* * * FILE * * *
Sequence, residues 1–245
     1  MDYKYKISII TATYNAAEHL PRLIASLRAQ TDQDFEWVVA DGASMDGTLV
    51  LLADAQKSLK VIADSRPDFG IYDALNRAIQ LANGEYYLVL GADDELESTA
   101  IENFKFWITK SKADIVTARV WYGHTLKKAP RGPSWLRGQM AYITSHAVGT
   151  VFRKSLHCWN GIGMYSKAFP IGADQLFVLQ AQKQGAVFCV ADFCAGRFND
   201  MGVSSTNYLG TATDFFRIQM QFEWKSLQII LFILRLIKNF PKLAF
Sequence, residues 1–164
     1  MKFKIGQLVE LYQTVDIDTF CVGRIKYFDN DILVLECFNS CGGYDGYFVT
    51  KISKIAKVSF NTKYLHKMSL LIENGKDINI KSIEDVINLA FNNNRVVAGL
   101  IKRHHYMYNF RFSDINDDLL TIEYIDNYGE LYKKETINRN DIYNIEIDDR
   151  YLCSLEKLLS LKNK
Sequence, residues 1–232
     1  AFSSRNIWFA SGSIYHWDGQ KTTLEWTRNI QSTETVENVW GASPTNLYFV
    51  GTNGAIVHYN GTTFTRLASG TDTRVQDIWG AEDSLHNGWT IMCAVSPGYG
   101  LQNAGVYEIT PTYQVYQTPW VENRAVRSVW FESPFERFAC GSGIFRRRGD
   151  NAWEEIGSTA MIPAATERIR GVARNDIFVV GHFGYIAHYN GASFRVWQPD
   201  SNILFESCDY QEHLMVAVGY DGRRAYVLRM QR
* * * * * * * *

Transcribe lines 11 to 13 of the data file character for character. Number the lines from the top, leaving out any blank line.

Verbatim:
   151  YLCSLEKLLS LKNK
Sequence, residues 1–232
     1  AFSSRNIWFA SGSIYHWDGQ KTTLEWTRNI QSTETVENVW GASPTNLYFV